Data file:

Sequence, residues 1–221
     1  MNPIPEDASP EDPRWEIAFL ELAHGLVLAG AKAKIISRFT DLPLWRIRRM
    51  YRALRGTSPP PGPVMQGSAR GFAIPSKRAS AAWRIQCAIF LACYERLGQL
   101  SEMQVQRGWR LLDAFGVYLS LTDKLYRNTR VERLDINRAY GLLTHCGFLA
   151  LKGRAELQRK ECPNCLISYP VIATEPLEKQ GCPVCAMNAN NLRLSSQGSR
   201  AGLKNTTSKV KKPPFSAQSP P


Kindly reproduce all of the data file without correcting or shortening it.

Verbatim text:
Sequence, residues 1–221
     1  MNPIPEDASP EDPRWEIAFL ELAHGLVLAG AKAKIISRFT DLPLWRIRRM
    51  YRALRGTSPP PGPVMQGSAR GFAIPSKRAS AAWRIQCAIF LACYERLGQL
   101  SEMQVQRGWR LLDAFGVYLS LTDKLYRNTR VERLDINRAY GLLTHCGFLA
   151  LKGRAELQRK ECPNCLISYP VIATEPLEKQ GCPVCAMNAN NLRLSSQGSR
   201  AGLKNTTSKV KKPPFSAQSP P